Almost Complete and Already Popular: The Old Mill Trail

Work is nearly done on Lebanon’s new Old Mill Trail, a paved bicycle-and-pedestrian path connecting Gill’s Landing, at the north end, with Riverview Park, at the south.

The wide concrete path parallels the South Santiam River for more than three-fourths mile. The path tops the North-South Dike, or City Dike, which Linn County built after Lebanon flooded two winters in a row, in 1931 and 1932. The dike permitted the development of several lumber mills in the area immediately to the west. Later, as the local lumber industry declined, the mills gradually shuttered. Since the late 1990s the area has been an enormous wasteland—the remnants of roads and building foundations amid Scotch broom and weeds. Today the land belongs to the Heatherington Foundation for Innovation and Education in Healthcare, which hopes to donate most of the acreage for a medical campus. When the trail is finished, the foundation will turn it over to the city of Lebanon for use by the city’s residents and visitors.

“The project is unusual in that virtually no tax dollars were used in its construction,” says Thad Nelson, secretary-treasurer of the BLT board. Although the city of Lebanon was involved in some of the early work of designing and surveying the trail, public funds weren’t available for the trail’s construction. So Nelson and his wife, Joanne, donated $200,000 for the project plus $50,000 in the form of a challenge grant. Their grant was matched through dozens of other donations from community members. In addition, Build Lebanon Trails pledged $25,000 for the project, and the Heatherington Foundation provided $650,000. Local businesses that helped include the Rick Franklin Corporation, Briese Custom Concrete, G&S Crushing, Udell Engineering, Benton Electric, John Dinges Landscape Co., and Turrentine Engineering. Other major contributors are honored through individual stone plaques in a small plaza along the trail.

Finishing touches are underway. Soon to be placed along the trail are a dozen resting benches, trash receptacles, dog waste stations, and lamps. “This will be Lebanon’s first fully lighted trail,” says Nelson. Fifty-two LED pole lights will face downward to provide illumination for trail users while avoiding lighting up the night sky. Gravel shoulders will also be constructed, and grass will be planted in a band along the shoulders. Two kiosks will be installed, one at Gill’s Landing and another at Riverview Park, with information about the history of the area—the bridges and the ferry that preceded them, the mills, and the floods and dikes. All of these features will be added this fall, and in late February or early March at least twenty-five new trees, selected to provide color through the seasons, will be planted along the trail.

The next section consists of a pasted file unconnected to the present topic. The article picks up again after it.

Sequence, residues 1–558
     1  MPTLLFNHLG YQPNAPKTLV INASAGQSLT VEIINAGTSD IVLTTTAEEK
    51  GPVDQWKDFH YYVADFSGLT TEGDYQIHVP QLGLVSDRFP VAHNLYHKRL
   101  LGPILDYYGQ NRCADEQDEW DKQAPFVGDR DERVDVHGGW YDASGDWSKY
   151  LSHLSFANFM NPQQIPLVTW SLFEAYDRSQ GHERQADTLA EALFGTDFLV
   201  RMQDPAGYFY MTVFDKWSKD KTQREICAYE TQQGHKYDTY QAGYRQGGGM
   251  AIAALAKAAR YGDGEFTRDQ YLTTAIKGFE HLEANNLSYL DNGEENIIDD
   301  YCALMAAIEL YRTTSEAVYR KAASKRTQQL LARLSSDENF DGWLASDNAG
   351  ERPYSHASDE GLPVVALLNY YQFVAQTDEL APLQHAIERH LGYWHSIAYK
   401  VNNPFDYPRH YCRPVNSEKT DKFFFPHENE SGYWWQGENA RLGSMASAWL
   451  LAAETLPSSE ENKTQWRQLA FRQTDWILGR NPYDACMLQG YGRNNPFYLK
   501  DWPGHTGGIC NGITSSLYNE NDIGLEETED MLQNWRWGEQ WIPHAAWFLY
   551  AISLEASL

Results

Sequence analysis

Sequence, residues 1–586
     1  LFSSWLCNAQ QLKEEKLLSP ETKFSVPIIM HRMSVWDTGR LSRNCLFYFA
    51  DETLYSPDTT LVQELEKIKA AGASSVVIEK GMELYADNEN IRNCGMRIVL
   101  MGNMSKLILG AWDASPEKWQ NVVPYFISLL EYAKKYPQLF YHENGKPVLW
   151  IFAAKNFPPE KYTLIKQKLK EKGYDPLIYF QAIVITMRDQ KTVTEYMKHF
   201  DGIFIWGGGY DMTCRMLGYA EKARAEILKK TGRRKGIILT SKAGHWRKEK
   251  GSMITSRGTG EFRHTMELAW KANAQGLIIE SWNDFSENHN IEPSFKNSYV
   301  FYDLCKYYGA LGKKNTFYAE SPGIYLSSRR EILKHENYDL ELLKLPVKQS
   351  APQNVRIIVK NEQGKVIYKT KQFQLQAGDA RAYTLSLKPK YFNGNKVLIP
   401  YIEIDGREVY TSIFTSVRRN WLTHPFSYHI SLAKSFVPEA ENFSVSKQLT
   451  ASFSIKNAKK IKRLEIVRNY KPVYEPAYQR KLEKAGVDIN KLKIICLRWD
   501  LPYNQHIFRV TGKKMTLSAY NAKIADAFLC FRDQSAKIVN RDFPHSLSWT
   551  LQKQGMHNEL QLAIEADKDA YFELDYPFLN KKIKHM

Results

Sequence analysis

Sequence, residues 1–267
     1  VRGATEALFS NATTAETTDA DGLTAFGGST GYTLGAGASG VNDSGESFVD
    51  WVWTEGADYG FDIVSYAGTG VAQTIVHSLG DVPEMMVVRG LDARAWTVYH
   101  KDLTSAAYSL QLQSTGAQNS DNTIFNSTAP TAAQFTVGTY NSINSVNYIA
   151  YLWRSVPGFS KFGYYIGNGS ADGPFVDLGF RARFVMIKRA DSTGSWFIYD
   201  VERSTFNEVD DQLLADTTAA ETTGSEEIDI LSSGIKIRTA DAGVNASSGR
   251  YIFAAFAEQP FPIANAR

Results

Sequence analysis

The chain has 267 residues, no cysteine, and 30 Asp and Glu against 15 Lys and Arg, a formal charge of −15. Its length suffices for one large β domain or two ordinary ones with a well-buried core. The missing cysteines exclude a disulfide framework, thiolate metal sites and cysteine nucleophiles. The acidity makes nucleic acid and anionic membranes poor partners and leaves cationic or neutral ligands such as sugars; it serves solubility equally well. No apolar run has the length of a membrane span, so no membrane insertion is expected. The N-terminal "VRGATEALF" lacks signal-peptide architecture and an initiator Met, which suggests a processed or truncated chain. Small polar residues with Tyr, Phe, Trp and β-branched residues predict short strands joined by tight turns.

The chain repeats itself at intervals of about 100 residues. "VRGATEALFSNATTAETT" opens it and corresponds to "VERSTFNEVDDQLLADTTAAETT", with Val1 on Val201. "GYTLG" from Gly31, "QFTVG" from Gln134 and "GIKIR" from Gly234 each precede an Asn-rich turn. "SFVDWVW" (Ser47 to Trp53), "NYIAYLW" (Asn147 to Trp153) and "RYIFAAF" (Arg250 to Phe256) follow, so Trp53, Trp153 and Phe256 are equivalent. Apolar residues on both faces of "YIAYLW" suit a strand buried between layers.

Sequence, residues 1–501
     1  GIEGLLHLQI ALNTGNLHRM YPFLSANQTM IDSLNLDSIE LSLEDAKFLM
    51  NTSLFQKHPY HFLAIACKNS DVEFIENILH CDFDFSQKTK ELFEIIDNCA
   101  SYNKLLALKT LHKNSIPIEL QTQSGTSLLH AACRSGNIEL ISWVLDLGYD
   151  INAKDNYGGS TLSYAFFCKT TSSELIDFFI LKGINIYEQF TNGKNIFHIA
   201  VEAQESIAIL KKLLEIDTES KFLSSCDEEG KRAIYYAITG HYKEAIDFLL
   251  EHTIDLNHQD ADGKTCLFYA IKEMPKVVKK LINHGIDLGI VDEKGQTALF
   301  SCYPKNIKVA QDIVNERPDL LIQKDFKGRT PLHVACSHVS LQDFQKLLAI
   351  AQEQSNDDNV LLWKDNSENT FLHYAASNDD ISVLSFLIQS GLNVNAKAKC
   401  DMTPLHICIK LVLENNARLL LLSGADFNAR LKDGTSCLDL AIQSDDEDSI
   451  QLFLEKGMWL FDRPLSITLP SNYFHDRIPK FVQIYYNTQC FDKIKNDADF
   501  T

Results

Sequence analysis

While working on the Old Mill Trail, BLT also improved what is known as the Eagle Scout trail. Created in 1994 by Thor Deacon as an Eagle Scout project, this hiking trail begins at Gill’s Landing and runs through the woods on city-owned land along the river. BLT volunteers widened the trail, added some fine crushed rock, and extended the trail across Heatherington Foundation land all the way to Riverview Park. Now hikers will be able to make a loop from Gill’s Landing by taking the Eagle Scout Trail in one direction and the Old Mill Trail in the other (although in winter the Eagle Scout Trail may be occasionally inundated).

BLT volunteers have been essential to the success of the Old Mill Trail project. They have held work parties to pick up trash, cut away English ivy and brambles, and remove stones and other tripping hazards from the Eagle Scout Trail. A group of “dryhards” guarded the drying concrete of the Old Mill Trail for several days, chasing off humans, deer, and other critters who might otherwise leave footprints. Jan Diamantine and Darryl Black did historical research for the kiosks, which Jared Richey and Regan Eivers of the Sweet Home Ranger Station are now constructing. The volunteers’ work will continue when the project is complete: A crew will water the new trees for at least three years, and work parties will remove invasive plants and keep the trails clear. (The next work party will be October 16, and new helpers are welcome. See buildlebanontrails.com for more information.)

For Rod Sell, BLT’s president and founding visionary, the most exciting thing about completing the Old Mill Trail is that it serves as a key section of Lebanon’s overall trail system. The trail connects more than five miles of existing trails and five city parks. You can start a walk or ride at, say, River Park, and continue on to Gill’s Landing, Riverview Park, Cheadle Lake, and finally, Porter Park—“for a trip of several miles, all off road,” Sell says. “This is great for tourism and for the health and welfare of everybody in our community.”

Many Lebanon residents have already discovered the new trails. Although at this writing barriers block both ends of the Old Mill Trail, walkers, runners, bikers, scooter riders, and stroller-pushers are slipping around the barriers to follow the concrete path atop the dike, with the open view to the west across the site of the old mills and, to the east, occasional glimpses of the river through the trees. In the woods, a short distance away, hikers explore the new stretch of the Eagle Scout Trail.

Lebanon’s trail system is still expanding; eventually it will include more than fifty miles of trails. BLT continues to work with the city to obtain land and easements and plan new trails according to Lebanon’s Strategic Trail Plan. You can view a map of the trail system or donate to the cause.

Nearly complete Old Mill Trail in Lebanon, Oregon. View 1.

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